The last of the great independent Program Directors – David v Goliath
There are few major market Program Directors who compete successfully with stations that are part of the big radio groups SCA, Nova and ARN.
Two that come to mind are Brad McNally and David Rymer both experienced, successful programmers.
These talented programmers tend not to have as high a profile but make no mistake they are good and they can be dangerous. Just ask their competitors!
McNally (left), originally from Toronto Canada, is PD of 96FM Perth and whilst it’s part of the Fairfax radio network, being based in Perth would give him considerable autonomy and also being an FM music format in a talk network means he alone would have the expertise required for music format radio and breakfast.
96FM ratings speak for themselves. It's a strong product and has been a consistent rater. In the last survey it was rated number two in the most important demos 25-39 and 40-54, beating SCA’s 92.9 10+ and just slightly behind Nova.
Rymer, originally from Melbourne, is PD at Hot Tomato Gold Coast, a true independent. In the latest survey HT soundly beat SCA’s SeaFM 10+ to become the number two station on the Gold Coast, Australia’s sixth biggest market. It was also a strong number two in the important 25-39 demographic.
The radio stations where McNally and Rymer work, as well as enjoying strong ratings, most importantly are very successful, well run, profitable businesses for their owners, and at the end of the day that’s the bottom line. Strong ratings and consistency of product and brand in the market are the key drivers of healthy revenue and subsequent profits.
Programmers like McNally and Rymer have to be savvy, resourceful, have coaching ability, be self-motivated, have to operate without the benefit of a large brains trust, big budgets and extravagant marketing and they have to have expertise covering all aspects of programming including strategy, music, breakfast, research, promotions, production and also sales.
McNally commented: “Yes, it’s a real challenge sometimes, being the only FM station in a group of AM talk stations and yes, we run our own race here.”
“The good part is we are left on our own so our destiny is in our own hands. That’s cool because I have a sharp team here and we are all focused to win.”
“We do not operate in a vacuum. We collaborate and use every resource available. We do our own research studies and do not have any consultants.”
“We have learned to fight with very little here at 96, and I have always said we are like the little IGA supermarket up against Coles.”
“I was lucky enough to work with Austereo twice and I always say those guys trained me.”
I’m not saying it’s easy to achieve success working with one of the majors, but it’s possibly easier.
Being a part of a large group has a lot of natural advantages. I know as most of my career was spent with Austereo and later at ARN.
With the role of the PD changing considerably in the 90s within the big networks, PDs now don't have to do as much at the higher strategic level.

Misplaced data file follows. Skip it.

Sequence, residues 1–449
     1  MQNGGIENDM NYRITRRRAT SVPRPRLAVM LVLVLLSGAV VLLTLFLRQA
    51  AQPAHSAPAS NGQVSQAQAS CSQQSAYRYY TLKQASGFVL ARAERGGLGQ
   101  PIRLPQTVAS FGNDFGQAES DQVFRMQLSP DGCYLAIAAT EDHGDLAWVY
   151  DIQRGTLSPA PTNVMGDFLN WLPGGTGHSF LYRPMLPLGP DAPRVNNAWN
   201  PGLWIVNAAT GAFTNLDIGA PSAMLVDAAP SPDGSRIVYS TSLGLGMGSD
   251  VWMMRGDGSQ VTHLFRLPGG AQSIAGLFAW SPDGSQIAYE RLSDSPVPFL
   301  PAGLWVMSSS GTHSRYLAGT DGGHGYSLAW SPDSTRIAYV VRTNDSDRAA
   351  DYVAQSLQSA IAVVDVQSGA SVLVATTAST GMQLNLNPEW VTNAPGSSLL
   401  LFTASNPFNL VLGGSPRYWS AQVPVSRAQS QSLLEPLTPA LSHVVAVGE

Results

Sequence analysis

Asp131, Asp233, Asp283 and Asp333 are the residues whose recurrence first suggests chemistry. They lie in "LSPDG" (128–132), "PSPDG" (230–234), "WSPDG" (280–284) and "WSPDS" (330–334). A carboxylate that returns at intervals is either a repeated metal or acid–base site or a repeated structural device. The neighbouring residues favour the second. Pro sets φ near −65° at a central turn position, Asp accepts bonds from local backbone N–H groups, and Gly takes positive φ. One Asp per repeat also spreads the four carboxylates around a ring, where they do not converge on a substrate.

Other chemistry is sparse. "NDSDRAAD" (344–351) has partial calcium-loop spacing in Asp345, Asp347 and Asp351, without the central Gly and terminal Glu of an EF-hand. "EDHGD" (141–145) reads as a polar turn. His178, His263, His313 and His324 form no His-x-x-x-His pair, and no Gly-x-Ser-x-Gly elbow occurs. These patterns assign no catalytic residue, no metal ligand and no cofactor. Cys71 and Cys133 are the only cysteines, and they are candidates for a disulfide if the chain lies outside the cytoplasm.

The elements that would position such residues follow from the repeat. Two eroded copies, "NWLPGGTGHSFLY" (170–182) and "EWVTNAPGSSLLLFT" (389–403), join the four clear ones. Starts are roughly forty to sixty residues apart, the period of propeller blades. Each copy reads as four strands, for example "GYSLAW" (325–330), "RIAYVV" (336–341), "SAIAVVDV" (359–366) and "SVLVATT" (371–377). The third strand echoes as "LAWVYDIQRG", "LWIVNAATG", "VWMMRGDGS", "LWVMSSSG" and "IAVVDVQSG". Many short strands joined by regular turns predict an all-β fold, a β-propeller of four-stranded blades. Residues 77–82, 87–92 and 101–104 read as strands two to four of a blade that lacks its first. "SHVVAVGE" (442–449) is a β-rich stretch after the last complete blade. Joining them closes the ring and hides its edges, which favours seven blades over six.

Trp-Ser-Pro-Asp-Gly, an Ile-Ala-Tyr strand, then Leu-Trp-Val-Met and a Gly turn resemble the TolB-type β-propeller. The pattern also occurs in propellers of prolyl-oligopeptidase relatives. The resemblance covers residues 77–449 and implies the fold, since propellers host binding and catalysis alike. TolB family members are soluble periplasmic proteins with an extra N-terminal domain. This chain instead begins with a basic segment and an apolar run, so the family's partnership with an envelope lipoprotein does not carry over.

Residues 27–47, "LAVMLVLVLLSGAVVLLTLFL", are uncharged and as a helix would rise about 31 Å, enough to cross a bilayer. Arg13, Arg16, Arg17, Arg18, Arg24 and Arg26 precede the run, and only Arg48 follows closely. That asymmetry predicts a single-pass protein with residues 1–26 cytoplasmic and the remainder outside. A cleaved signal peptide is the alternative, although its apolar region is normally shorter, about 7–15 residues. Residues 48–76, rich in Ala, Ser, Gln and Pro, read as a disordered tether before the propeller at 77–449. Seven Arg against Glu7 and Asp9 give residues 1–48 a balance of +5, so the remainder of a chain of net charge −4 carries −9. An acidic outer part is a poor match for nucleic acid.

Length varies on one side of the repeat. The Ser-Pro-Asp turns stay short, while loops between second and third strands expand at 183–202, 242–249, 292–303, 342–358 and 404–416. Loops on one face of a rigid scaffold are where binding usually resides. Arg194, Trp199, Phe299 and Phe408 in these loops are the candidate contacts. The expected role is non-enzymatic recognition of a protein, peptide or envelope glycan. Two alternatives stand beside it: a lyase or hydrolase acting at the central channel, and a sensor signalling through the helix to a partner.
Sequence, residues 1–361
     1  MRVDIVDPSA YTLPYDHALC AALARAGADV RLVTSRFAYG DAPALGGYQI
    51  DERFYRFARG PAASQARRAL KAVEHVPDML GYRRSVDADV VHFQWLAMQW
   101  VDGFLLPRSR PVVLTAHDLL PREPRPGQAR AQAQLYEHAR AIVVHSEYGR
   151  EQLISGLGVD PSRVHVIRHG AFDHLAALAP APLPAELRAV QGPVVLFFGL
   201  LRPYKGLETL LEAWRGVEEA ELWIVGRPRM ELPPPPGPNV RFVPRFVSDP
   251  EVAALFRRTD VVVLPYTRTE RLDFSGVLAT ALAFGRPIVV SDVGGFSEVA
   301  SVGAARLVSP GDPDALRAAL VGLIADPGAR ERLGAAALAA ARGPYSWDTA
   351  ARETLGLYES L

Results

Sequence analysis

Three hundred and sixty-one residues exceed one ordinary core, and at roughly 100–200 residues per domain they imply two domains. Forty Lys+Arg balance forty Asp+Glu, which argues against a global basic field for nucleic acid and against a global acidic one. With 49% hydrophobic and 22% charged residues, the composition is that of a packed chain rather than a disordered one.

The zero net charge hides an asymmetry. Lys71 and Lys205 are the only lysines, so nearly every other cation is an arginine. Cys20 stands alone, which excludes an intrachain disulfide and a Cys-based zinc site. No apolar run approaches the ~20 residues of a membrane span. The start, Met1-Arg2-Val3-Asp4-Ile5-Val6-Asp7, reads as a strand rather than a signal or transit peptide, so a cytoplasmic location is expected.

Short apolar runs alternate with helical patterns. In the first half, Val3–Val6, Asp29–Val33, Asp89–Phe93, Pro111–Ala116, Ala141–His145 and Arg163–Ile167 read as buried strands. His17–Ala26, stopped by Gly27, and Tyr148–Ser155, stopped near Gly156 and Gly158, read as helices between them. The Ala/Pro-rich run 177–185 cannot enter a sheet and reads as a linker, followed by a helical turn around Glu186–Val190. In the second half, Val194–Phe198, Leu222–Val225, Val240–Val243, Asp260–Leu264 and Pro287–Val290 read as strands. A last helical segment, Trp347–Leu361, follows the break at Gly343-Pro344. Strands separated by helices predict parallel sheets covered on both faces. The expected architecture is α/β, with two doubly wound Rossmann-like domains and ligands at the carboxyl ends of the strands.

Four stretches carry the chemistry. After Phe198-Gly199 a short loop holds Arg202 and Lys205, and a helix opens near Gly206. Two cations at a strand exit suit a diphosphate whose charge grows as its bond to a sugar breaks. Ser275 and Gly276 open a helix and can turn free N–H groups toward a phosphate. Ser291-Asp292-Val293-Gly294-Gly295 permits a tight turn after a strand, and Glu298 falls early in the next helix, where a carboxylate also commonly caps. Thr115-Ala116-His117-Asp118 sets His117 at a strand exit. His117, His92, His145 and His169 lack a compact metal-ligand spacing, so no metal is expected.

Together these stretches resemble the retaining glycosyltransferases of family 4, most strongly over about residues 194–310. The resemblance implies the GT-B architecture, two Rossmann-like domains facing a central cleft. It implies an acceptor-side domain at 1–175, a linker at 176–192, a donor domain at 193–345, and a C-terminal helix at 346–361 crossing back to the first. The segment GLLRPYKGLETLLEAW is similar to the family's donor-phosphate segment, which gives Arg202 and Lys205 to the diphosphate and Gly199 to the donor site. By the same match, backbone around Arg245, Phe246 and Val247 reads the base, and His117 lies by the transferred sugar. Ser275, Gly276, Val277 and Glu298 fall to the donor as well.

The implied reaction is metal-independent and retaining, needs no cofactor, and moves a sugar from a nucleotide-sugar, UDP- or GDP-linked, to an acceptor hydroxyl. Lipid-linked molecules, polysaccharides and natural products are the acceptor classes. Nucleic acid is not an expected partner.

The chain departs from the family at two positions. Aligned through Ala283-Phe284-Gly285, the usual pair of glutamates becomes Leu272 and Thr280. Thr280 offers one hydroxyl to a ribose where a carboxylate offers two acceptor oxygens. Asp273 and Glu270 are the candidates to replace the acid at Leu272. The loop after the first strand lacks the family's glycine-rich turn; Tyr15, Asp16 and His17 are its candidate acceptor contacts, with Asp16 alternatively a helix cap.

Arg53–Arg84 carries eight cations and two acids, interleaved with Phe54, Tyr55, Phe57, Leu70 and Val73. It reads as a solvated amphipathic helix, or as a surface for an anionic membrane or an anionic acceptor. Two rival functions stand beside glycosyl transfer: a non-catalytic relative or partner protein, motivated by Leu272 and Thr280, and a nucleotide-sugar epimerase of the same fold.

McNally and Rymer (left) are two of the few remaining PDs in the traditional sense of the title, the role now being more about implementation and operational.
Some PDs in the big networks are very strong implementers, but few would be able to pull off what would have been expected of PDs in the past, bringing everything together, the whole strategy, vision, music, talent, research, marketing, imaging, positioning, the works, which is what the likes of McNally and Rymer achieve every day in their roles.
Rymer gave us his thoughts on being independent of a network: “At first, for me being unattached to a network was very daunting. There were no like-minded programmers to call when you had a question or needed to bounce something around.”
“So, I found myself getting the most from those in the building. I will often bounce ideas around with Hans Torv, the owner whose office is at the end of the building.”
“At Hot Tomato, we make the very best of the resources we have. No matter how resourced you are, you always want more. Ask any PD. It’s a ferocious battle on the Gold Coast and Hot Tomato is a very lean but highly competitive business.”
“You’ll be surprised, when left to your own devices and being unencumbered from a network, how much you can get done and how quickly you can do it. But to be fair, my 10 years as a programmer at Austereo trained me well. Without those learnings, my current gig would be close to impossible to execute on many fronts “
Working for a major group clearly gives you access to more resources and a wide network of colleagues for support and collaboration. Working independently you have to be more resourceful and there’s greater accountability, there is simply nowhere to hide!
To be able to achieve success outside the major groups, competing and winning against them is a great achievement and is rare to find.
It’s real David v Goliath stuff!
Brad March is a Director of Radio Today, is a former CEO and Group Program Director of Austereo and has been named Media Executive of the Year